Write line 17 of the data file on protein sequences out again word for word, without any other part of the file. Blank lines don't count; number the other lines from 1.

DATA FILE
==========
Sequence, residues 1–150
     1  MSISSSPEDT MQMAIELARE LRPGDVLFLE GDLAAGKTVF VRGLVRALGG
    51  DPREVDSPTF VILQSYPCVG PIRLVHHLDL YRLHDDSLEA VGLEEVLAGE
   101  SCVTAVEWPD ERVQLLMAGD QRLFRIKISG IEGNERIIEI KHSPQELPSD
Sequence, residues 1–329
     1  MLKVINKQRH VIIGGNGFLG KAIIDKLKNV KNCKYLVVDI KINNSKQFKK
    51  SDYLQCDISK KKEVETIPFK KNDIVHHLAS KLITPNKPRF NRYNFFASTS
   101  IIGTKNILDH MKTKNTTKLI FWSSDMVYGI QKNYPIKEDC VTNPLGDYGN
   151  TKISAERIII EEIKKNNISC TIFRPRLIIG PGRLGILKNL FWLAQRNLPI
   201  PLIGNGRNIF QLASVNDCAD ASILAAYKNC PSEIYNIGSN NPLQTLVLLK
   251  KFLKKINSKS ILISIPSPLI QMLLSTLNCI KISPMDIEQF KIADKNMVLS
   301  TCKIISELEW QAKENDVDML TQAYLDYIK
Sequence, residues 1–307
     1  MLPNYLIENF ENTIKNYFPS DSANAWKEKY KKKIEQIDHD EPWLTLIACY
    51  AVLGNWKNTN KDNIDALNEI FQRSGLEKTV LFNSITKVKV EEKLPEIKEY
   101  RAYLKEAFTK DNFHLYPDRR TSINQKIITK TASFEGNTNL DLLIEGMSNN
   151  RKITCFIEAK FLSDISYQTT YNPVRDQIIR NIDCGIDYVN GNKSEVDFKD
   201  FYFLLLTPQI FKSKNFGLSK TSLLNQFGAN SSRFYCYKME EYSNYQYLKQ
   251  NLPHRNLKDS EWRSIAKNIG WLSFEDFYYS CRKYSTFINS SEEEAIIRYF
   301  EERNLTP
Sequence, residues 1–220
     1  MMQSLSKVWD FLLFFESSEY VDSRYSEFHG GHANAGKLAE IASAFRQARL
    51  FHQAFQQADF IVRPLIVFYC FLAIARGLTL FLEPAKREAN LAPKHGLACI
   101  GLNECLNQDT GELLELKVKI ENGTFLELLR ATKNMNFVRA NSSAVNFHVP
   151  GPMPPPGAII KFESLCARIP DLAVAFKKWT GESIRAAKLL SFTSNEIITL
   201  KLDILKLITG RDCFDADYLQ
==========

   151  RKITCFIEAK FLSDISYQTT YNPVRDQIIR NIDCGIDYVN GNKSEVDFKD